Common verbs followed by –ing nouns are:

Verbs of liking and disliking:

  • detest
  • dislike
  • enjoy
  • hate
  • fancy
  • like
  • love

I love swimming but I hate jogging.
They always enjoyed visiting their friends.
A: Do you fancy going for a walk?
B: I wouldn’t mind

Phrases with mind:

  • wouldn’t mind (= would like)
  • don’t mind (= I am willing to)
  • would you mind (= will you please…?)

I wouldn’t mind having some fish and chips.
I don’t mind waiting for a few minutes.
Would you mind holding this for me?

Verbs of saying and thinking:

  • admit
  • consider
  •  deny
  • imagine
  • remember
  • suggest

Our guide suggested waiting until the storm was over.
Everyone denied seeing the accident.

Other common verbs are:

  • avoid
  • begin
  • finish
  • keep
  • miss
  • practise
  • risk
  • start
  • stop

I haven’t finished writing this letter.
Let’s practise speaking English.

Passive form of -ing

Many of these verbs are sometimes followed by the passive form of -ing: being + past participle

I don’t like being interrupted.
Our dog loves being stroked under the chin.

Noun + -ing clause

Some verbs are followed by a noun and an -ing clause:

Verbs to do with the senses:

  • see
  • watch
  • hear
  • smell
  • listen to
  • etc.

We saw everybody running away.
I could hear someone singing.

Other common verbs:

  • catch
  • find
  • imagine
  • leave
  • prevent
  • stop

I caught someone trying to break into my house.
We couldn’t prevent them getting away.




Hi sir, I am consfused of these following sentences.

"Their efforts of promoting bla-bla"
It sounds right to me, but I haven't understood what is the state of -ing form in there, is it an adjective or something? Thanks you

Hello Alice88,

The -ing form here is a gerund, which is a noun formed from a verb. You can read more about -ing forms on this page.


Best wishes,


The LearnEnglish Team

Hello, I wanted to ask about verb ''hungry'' definition. Is this definition correct: ''wanting or needing food''? We do not use wanting or needing in present participle form.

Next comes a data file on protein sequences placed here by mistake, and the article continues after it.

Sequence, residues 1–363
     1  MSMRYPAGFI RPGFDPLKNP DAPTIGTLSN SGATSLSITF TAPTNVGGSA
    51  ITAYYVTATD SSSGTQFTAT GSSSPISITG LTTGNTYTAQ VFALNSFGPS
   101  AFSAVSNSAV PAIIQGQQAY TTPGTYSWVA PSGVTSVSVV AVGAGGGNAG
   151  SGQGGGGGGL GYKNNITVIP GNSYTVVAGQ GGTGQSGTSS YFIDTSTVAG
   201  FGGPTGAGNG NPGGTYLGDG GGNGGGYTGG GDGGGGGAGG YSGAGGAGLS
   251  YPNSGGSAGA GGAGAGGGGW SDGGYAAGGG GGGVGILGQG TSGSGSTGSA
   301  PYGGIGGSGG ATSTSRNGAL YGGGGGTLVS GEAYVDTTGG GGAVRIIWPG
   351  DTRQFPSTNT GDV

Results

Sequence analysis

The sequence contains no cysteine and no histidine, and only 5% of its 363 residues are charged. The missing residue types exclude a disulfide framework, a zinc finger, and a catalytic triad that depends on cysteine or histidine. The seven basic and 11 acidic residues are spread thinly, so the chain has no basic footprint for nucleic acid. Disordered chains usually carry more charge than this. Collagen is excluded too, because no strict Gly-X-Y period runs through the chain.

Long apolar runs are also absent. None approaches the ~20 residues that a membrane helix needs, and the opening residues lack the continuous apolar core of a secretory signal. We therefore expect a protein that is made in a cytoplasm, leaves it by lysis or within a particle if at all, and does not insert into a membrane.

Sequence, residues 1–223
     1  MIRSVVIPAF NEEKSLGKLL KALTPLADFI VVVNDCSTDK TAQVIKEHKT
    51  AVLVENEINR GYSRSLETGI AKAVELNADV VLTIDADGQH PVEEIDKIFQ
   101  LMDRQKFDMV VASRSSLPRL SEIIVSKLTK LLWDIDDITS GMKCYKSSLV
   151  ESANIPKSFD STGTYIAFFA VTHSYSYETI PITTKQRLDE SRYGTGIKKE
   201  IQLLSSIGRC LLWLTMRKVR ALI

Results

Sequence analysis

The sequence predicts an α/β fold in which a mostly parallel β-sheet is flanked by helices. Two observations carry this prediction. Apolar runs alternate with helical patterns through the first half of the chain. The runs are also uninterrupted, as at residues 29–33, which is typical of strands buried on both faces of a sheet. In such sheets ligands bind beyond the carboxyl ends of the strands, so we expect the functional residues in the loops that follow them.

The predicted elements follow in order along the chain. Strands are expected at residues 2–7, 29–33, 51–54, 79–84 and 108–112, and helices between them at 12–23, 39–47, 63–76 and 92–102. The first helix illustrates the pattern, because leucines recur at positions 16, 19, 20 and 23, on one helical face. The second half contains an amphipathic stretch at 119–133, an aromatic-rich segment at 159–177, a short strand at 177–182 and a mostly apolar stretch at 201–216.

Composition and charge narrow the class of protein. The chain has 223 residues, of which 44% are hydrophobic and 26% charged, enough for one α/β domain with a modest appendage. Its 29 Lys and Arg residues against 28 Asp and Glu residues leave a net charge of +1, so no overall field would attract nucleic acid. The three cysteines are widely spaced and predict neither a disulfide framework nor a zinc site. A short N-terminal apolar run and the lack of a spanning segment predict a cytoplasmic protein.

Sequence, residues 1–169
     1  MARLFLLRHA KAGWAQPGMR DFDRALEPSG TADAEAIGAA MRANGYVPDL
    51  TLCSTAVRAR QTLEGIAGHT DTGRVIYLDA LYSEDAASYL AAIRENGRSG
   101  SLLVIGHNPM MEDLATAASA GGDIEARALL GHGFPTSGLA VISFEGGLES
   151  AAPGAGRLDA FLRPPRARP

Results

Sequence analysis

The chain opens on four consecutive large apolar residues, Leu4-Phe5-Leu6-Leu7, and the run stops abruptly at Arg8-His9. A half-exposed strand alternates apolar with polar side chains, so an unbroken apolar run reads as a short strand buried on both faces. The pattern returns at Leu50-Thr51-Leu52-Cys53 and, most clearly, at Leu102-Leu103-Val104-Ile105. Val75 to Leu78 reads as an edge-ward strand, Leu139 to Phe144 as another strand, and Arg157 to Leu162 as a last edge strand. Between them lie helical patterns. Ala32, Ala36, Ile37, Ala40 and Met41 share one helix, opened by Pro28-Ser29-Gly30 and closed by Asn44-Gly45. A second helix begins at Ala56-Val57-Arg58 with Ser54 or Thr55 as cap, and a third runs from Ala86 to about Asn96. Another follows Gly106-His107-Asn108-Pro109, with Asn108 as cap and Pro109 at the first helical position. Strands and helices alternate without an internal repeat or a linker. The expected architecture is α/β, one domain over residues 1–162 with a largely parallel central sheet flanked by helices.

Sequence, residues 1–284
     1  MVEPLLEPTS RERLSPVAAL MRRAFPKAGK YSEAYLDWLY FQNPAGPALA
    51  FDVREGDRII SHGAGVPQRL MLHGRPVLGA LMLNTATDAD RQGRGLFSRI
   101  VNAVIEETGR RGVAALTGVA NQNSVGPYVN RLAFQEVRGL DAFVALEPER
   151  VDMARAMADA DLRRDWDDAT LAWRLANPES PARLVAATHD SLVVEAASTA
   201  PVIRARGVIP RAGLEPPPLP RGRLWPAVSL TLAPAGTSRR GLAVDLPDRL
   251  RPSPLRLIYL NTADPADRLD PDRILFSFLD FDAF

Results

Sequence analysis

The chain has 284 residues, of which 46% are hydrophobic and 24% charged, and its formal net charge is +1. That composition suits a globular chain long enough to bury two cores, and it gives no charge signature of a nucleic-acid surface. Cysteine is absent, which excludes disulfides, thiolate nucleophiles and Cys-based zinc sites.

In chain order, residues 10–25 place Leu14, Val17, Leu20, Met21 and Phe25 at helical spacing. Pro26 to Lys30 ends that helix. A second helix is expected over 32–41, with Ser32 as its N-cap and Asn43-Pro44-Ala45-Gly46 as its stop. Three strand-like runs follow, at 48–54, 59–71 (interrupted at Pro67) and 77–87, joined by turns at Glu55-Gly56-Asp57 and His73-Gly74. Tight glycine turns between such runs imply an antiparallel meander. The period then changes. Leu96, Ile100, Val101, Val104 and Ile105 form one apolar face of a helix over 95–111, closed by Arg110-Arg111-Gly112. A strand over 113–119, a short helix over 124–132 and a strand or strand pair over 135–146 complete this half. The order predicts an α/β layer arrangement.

Thank you.

Hello MCWSL,

It's fine to use the present participle in that way. Please note that 'hungry' is not a verb, however, but rather an adjective.


Best wishes,


The LearnEnglish Team

Which sentence is right? and why?
Because I want to continue my study in your language school.
Because I want to continue my studying in your language school.

Hello Salem249,

'Continue' can be followed by several forms, including nouns, gerunds and infinitives. Therefore there are several options. The most natural ways to say this sentence would be:

Because I want to continue my studies in your language school.

Because I want to continue studying in your language school.

Because I want to continue to study in your language school.


Best wishes,


The LearnEnglish Team

Dear Sir
Let me know whether I am correct or wrong. I like riding my bike.
This means I
Aint got no friends. I like be alone. This means im a loser.
Am I correct?
The real Rasmus Wiborg :)))

PS. love your webpage

Dear Sir
Let me know whether I am correct or wrong. I like travelling.

This means I
have already started travelling. I like to travel. This means a wish or intention.
Am I correct?

Hello Andrew,

Both of these are expressions of preference, but neither tells us whether or not you are travelling at the moment. We use 'ing' after like with the meaning of 'enjoy' - the act of travelling gives me pleasure. We use 'to verb' after like to describe our preferred way of spending time - in other words, to say that this is something that we choose to spend time on.


Best wishes,


The LearnEnglish Team

Dear Sir
Thank you very much for your reply explaning 'ing' and to verb. This is something that I had the difficulty to understand. To make sure that I have understood this I am writing an example let me know If I am correct. Eg. I am a tour guide and I am telling my friend- I like my job very much because I like travelling.
Is 'I like travelling.' correct according to the context.
Thank you.